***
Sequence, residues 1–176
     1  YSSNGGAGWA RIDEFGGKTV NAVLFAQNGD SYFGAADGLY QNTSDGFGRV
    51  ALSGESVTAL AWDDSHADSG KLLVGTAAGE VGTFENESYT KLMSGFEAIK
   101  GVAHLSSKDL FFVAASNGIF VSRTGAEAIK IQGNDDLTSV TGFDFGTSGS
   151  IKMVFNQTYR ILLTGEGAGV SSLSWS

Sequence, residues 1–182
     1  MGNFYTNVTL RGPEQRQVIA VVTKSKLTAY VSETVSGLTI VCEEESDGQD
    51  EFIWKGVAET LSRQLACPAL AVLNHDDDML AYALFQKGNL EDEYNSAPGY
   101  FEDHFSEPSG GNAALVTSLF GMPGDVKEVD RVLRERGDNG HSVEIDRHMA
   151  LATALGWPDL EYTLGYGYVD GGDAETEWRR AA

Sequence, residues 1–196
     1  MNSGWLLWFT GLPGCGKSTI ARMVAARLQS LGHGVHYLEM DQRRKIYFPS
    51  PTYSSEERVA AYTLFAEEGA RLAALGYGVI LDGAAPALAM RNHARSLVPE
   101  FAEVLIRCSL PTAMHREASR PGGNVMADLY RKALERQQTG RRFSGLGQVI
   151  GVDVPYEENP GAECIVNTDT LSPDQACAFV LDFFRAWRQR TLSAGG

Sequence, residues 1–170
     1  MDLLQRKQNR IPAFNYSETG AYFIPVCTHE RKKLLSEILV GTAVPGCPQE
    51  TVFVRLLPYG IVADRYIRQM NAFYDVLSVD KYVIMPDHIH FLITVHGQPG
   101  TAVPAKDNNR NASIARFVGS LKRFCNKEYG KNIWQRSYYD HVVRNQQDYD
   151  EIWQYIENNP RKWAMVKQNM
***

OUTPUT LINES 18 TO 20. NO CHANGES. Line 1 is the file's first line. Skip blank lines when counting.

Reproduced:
    51  TVFVRLLPYG IVADRYIRQM NAFYDVLSVD KYVIMPDHIH FLITVHGQPG
   101  TAVPAKDNNR NASIARFVGS LKRFCNKEYG KNIWQRSYYD HVVRNQQDYD
   151  EIWQYIENNP RKWAMVKQNM